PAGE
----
In the pencil vs pen debate, parties from both sides make vehement (and sometimes barely logical) arguments in support their championed writing implement. According to proponents, a few reasons why pencils are better than pens (or vice versa) include:
Of course, to many people the pencil vs pen debate is irrelevant, since people rely on handwriting increasingly less these days and many posit that script will become unnecessary in all forms soon. Regardless of this factor, it’s worth noting that many of the most common points made in favor of either pens or pencils refer to physical aspects of the writing instruments. What if we took a more philosophical approach?
Obviously, we’re big fans of pens here at National Pen. We sell pens, customize pens, create pens, invent pens, and pretty much talk about pens all day long. We even decorate our offices with pens (seriously, we have pen patent artwork on the walls).
Sadly, so much focus on pens here at National Pen means that the pencil goes under-celebrated, which is a cryin’ shame. There is grace, nobility, and even a quiet kind of heroism in using a pencil. There’s nothing in a pencil (like a plunger, ballpoint, or fancy-pants gel ink) that makes it easier to write with. Writing with a pencil often feels scratchy, because the writer is exerting his or her own force to directly connect with paper.
Pencils also need to be sharpened—they don’t just show up ready to do our bidding the way pens do. Nope, you need to earn it with a pencil. Sharpening a pencil is simply the homage we must pay to this primitive yet surprisingly enduring writing instrument in all its perfect simplicity.
The real reason, however, that pencils are so fantastic doesn’t have anything to do with graphite lead or even the pencil itself. The real reason pencils are better than pens, hands-down, is that they have erasers.
Many adults seem to prefer pens to pencils because they associate pencils with children. It’s true: children are far more likely to use pencils than adults are.
But simply because pencils are used more commonly by children than by adults does not mean that pencils are somehow more infantile or childish than pens are. On the contrary, we suggest that using a pencil instead of a pen is a sign of maturity.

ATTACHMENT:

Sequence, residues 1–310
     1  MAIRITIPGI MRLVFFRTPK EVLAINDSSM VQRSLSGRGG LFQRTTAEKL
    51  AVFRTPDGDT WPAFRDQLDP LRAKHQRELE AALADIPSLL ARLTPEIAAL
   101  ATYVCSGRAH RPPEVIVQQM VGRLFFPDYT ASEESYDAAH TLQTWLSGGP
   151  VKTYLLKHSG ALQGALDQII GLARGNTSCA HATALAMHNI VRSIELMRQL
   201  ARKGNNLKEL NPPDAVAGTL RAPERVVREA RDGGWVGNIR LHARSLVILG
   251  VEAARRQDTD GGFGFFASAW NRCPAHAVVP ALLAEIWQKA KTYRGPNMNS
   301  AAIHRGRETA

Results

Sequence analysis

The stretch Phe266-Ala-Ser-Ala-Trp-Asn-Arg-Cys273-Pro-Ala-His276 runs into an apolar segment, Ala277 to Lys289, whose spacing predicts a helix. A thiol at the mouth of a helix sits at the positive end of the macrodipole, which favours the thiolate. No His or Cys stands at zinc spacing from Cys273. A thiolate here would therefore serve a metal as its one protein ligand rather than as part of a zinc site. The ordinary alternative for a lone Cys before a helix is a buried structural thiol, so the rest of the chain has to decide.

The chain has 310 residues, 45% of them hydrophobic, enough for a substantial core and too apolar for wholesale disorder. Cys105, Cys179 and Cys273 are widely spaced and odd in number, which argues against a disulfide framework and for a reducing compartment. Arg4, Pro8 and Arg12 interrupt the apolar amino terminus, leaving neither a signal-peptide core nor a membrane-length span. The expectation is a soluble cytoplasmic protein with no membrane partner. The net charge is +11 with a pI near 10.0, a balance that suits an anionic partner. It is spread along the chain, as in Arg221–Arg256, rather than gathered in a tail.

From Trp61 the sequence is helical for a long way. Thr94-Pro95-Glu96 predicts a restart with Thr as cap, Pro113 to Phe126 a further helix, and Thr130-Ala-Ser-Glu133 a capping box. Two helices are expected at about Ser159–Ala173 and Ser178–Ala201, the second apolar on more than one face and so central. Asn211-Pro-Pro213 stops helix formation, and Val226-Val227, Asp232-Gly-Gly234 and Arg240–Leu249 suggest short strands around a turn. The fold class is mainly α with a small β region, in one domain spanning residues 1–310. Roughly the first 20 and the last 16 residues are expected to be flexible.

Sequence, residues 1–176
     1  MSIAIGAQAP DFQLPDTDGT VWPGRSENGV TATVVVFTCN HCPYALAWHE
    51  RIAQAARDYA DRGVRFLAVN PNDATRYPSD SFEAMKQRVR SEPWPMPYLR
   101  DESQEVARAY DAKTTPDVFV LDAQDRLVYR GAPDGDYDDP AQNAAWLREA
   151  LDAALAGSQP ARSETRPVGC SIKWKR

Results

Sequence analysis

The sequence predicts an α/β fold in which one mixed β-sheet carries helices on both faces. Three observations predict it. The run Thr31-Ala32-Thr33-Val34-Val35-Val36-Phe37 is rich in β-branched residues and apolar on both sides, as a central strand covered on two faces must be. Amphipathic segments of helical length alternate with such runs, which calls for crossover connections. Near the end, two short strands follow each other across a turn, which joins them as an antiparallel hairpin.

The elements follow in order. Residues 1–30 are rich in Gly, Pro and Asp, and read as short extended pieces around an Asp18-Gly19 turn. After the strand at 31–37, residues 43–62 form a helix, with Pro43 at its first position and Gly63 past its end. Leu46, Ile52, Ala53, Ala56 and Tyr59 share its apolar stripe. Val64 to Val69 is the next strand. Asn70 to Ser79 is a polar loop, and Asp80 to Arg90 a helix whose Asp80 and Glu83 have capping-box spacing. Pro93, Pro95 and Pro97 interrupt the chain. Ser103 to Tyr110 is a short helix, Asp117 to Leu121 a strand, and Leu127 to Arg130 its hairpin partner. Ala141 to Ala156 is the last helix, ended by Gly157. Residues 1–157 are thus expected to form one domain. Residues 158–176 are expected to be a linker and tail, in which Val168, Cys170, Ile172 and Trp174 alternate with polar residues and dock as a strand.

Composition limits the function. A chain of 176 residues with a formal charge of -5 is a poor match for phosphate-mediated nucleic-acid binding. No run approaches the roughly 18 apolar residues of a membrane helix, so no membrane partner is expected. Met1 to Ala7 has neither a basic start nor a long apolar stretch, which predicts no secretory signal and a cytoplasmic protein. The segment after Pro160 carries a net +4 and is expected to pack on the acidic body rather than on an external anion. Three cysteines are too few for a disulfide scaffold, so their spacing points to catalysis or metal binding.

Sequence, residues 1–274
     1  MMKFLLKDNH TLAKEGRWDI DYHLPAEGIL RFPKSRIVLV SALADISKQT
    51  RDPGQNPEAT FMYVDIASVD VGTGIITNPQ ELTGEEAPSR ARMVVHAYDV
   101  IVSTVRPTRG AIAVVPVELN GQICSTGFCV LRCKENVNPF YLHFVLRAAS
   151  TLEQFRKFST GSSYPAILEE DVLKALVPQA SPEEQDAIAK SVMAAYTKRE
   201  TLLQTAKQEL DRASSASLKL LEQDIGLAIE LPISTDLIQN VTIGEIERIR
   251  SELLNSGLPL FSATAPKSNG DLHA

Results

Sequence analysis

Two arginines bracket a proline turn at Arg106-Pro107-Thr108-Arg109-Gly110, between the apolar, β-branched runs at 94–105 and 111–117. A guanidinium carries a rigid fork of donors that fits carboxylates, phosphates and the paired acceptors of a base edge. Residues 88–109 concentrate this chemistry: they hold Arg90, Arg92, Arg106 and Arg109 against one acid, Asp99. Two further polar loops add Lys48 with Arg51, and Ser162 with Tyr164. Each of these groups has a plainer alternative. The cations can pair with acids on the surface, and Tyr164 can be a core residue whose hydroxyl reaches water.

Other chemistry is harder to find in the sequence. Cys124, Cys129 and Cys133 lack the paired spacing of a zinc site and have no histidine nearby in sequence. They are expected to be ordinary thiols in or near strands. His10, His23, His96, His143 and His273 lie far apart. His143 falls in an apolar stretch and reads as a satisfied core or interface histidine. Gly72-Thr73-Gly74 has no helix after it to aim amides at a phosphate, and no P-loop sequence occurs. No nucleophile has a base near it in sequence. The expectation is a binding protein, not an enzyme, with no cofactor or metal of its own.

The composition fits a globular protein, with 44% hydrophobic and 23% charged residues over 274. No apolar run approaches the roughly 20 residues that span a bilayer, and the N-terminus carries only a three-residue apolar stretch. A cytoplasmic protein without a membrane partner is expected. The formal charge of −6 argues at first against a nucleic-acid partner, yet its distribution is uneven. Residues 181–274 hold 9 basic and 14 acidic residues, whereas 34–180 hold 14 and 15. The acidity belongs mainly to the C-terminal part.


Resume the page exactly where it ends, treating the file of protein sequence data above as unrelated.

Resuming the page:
One of the main reasons kids use pencils is because they have erasers. In any learning process, it is natural, normal, and expected that mistakes will be made. Especially in the lower grades, children are learning new things all day long. In fact, kids learn new things (and make mistakes while learning those things) at a rate that would likely overwhelm most adults. However, the thing is, kids are expected to make mistakes, learn from them, and correct them—so erasing and re-doing is no big deal.
Many of us view moving from pencils to pens as a sort of rite of passage, a sign that we are (or are nearly) grown up. But in this context, does being a grown-up mean that we are less likely to make mistakes?
Honestly, grown-ups make just as many mistakes as kids do. Sure, our mistakes may not be made on arithmetic worksheets or spelling tests. Grown-up mistakes have much more extreme consequences—repercussions that can’t be rubbed out with an eraser. Wouldn’t it be so great to have an eraser for life mistakes?
At what point in our development do mistakes become something to fear? What’s wrong with getting something wrong, then trying again until we get it right? Nothing.
As James Joyce said, “Mistakes are the portals of discovery.” Mistakes offer humans their most direct access to learning, improvement, and growth.
The truth is, everyone makes mistakes because that’s how we learn and grow. Erasers are for people who are willing to correct their mistakes.
Pencils are a physical, tangible representation of the fact that we are all fallible, but that we are committed to learning from our mistakes. And that, friends, is why pencils are better than pens.
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